Cation desolvation on a model electrode surface: a story of commitment and breakup
H. Rasheev*, R. Stoyanova* and A. Tadjer*
The ever-growing usage of rechargeable batteries in the endless assortment of portable devices demands better and safer batteries. At the moment, the broadest application in smart electronics and transport vehicles find Li-ion batteries, but their cost and environmental impact encourage fervent on-going development of new electrode and electrolyte materials . One attractive approach is the partial substitution of Li+ as charge carrier with ions of more abundant elements like Na and Mg, resulting in the so-called hybrid cells. The efficiency of such hybrid batteries depends, among others, on the processes taking place at the electrode-electrolyte interface. Such process is the desolvation of the metal ions, occurring simultaneously with adsorption on the electrode surface. Molecular modelling is a suitable tool for investigating these processes at atomic-level resolution. In our study, we employ periodic Density Functional Theory calculations to assess the interactions of a model (111) surface of lithium titanate (Li4Ti5O12) with single-ion or dual-ion clusters of Li+, Na+ and Mg2+ with ethylene carbonate using PF6¯ as counterion. The PBE approximation for the exchange and correlation functional and the PAW method for the initial electronic wave functions were applied as implemented in VASP. Preferred adsorption sites on the surface were identified. The desolvation energies of the cations were evaluated and comparison with free-standing ion-solvent clusters was made and discussed . The on-surface behaviour of the counterion and the effect of its presence on the desolvation of scantily solvated single/dual-cation complexes were also modelled and the proceeding decomposition reactions were described.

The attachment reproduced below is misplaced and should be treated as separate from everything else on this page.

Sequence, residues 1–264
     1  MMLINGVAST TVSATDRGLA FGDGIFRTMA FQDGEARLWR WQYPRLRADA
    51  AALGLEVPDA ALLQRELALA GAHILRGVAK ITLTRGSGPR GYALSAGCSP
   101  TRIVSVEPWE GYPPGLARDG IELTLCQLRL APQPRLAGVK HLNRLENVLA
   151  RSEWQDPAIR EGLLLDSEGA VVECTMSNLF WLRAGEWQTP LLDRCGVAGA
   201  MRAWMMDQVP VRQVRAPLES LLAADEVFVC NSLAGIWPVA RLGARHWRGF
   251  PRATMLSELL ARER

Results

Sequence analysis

The authors from CARiM’s Research Team are noted with *